8th International Nannoplankton Association Conference


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Emanuela Mattioli, Stéphane Reboulet, Bernard Pittet, Olivier Proux, François Baudin:
Calcareous nannoplankton and ammonoid abundance in Valanginian limestone-marl couplets: a dominance of carbonate dilution or productivity?

Limestone-marl alternations, containing thin, organic-rich levels, were analysed from the Early Valanginian (Campylotoxus Biozone: Figure 1) of the Vocontian Basin (Vergol section, SE France). In order to elucidate the mechanisms driving this rhythmic sedimentary pattern, calcareous nannoplankton, benthic and nektonic faunas were studied, and geochemical analyses applied. Different fine-fraction elements were quantified in the nannofacies, namely micarb, pyrite, clays, etc. In the present work, a quantitative approach allows us to precisely evaluate the amount of calcareous nannofossils and ammonoids per volume of rock, through a regular and continuous sampling of the section (4.5m thick).

Ammonoids represent almost the totality of the nektonic macrofauna. Statistical analyses show significant variations of the absolute abundance of the six ammonite families which dominate the assemblage with respect to the carbonate content.

Calcareous nannofossils are more abundant in calcareous marls, marls and shales than in limestones all along the section. Quantification of calcareous nannofossils in marls and organic-rich shales has evidenced a net dominance in the assemblage of coccoliths over nannoconids. The coccoliths are mainly represented by different species of the genus Watznaueria that, in different samples, constitute approximately 80-90% of the coccolith assemblage. In the calcareous marls, nannoconids are slightly more abundant, even though they do not represent more than 25% of the nannofossil assemblage. Large nannoconids (larger than 16µm) have been recorded in calcareous marls. In limestones, both coccoliths and nannoconids become very rare.

Such a record is thought to be independent of preservational effects, since: 1) no substantial differences of coccolith preservation have been observed in different lithotypes; and 2) Watznaueria and Nannoconus, which constitute the majority of the nannofossil assemblage, are among the most-resistant specimens to diagenesis.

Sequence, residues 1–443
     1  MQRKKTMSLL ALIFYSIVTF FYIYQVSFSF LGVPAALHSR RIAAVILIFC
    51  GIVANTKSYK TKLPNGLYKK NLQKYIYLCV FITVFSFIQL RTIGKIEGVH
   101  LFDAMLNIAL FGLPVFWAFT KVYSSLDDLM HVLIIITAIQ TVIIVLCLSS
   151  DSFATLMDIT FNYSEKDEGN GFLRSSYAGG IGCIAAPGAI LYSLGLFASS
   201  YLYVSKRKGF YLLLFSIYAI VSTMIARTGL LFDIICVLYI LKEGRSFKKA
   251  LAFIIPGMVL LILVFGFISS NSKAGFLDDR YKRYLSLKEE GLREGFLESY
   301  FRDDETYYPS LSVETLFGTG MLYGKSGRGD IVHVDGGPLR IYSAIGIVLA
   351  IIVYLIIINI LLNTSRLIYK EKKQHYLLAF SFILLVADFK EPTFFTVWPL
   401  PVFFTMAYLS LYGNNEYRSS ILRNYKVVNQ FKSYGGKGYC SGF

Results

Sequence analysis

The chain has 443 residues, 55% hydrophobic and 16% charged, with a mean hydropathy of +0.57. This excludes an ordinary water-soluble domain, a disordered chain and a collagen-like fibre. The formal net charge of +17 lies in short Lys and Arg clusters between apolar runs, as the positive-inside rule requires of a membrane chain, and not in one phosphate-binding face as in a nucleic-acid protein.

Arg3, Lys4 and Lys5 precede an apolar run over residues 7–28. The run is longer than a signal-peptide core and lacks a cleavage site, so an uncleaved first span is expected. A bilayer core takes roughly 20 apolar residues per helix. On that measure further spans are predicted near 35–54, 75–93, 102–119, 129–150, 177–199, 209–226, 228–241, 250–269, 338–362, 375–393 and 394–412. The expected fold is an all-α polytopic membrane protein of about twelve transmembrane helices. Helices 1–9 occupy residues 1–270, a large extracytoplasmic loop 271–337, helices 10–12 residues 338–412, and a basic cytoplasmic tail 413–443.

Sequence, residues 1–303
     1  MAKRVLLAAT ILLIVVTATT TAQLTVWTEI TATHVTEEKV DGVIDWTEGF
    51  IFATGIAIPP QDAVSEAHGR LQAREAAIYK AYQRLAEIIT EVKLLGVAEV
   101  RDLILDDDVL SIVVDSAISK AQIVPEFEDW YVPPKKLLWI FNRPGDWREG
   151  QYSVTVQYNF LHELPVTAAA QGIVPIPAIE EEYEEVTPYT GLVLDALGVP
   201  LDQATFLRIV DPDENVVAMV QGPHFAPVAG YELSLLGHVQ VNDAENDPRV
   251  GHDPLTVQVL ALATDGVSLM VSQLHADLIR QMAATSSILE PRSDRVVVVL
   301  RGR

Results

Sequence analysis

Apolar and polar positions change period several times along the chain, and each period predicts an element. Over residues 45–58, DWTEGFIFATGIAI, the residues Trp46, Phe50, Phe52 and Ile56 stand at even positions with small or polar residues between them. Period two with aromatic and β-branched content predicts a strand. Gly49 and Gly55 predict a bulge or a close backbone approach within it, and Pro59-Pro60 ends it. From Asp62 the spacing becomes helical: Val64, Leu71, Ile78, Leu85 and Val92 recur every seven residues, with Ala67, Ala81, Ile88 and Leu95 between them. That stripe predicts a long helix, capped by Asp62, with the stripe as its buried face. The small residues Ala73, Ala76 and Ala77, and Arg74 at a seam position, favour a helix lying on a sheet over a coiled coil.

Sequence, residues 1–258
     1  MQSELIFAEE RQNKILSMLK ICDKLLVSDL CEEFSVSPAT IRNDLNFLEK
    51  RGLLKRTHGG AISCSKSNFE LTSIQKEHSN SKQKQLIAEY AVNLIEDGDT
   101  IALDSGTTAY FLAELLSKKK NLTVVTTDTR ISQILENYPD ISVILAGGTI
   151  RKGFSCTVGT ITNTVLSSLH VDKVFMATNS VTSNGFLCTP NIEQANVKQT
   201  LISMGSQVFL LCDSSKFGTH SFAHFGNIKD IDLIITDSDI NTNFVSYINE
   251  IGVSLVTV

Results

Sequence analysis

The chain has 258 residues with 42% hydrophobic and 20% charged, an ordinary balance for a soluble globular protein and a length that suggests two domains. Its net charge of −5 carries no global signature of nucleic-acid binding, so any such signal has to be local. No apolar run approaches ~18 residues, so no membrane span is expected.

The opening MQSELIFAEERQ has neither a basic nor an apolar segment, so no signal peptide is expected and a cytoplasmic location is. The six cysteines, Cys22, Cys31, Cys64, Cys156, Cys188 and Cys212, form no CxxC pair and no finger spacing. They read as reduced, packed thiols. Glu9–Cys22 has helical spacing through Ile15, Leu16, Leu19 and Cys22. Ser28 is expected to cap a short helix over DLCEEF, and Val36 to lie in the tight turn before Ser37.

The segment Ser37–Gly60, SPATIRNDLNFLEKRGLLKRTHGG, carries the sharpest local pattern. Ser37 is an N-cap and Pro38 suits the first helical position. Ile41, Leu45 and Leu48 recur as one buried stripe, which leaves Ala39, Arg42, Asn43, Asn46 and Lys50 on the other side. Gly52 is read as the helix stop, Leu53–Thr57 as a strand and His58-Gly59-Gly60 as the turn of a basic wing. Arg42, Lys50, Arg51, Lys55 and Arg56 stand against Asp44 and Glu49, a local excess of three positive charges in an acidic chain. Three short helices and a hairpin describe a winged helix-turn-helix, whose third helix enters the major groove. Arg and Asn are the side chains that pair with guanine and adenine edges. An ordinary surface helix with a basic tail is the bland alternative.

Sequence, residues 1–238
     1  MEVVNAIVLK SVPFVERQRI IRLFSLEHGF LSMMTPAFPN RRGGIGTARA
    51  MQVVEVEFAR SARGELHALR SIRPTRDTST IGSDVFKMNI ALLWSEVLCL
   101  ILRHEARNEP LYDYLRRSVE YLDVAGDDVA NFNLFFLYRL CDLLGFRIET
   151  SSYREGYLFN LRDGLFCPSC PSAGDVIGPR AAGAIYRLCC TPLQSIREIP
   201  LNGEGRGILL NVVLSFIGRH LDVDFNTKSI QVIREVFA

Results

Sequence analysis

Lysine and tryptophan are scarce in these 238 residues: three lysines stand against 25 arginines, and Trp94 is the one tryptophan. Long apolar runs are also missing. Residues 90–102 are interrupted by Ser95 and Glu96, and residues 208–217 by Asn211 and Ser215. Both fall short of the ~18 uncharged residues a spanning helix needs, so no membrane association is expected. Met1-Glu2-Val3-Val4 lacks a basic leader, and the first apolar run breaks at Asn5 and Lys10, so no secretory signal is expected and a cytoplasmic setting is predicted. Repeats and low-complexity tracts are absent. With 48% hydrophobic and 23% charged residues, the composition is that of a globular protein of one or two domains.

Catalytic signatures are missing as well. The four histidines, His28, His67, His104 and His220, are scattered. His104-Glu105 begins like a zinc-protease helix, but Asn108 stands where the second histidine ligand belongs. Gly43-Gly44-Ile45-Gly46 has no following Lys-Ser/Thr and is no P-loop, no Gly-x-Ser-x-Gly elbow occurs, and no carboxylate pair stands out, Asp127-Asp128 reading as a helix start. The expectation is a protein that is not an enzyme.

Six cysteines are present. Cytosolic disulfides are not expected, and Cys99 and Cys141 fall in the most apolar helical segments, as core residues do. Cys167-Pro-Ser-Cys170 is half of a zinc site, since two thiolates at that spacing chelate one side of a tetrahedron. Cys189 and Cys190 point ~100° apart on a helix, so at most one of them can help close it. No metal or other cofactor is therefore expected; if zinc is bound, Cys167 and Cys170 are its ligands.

Decrease in abundance of both phytoplankton and macrofauna with increasing carbonate content suggests dilution cycles by imported carbonate mud (probably of platform origin). Neither nannoconids nor coccoliths seem to have produced the bulk of carbonate mud, even if their contribution to the overall carbonate content is not negligible in discrete layers. The last organic carbon-rich layer (2.115m, 3.47% TOC, 46.5% CaCO3) is of particular interest because it displays the greatest abundance of benthic macrofauna (gastropods, bivalves) and of the Family Bochianitids, likely nektobenthic ammonoids. Nannoplankton are much more abundant at 2.115m than in the other organic carbon-rich layers. Coccoliths, and mainly the genus Watznaueria, are here largely dominant over the other elements forming the nannofacies (i.e. micarb). Such data may support the hypothesis of a high pelagic carbonate productivity (from coccolithophores more than from nannoconids) and sea-bottom eutrophication during deposition of the organic carbon-rich layer at 2.115m. Changes in the biotic composition (nannoconids vs. coccoliths, nektobenthic vs. nektonic ammonoids) may indicate that primary productivity, trophic level and food-chain structure have been an important control on the formation of marl-limestone alternations, and on organic-rich shale deposition.


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 [Division of Micropalaeontology] [Department of Geosciences] [Bremen University]

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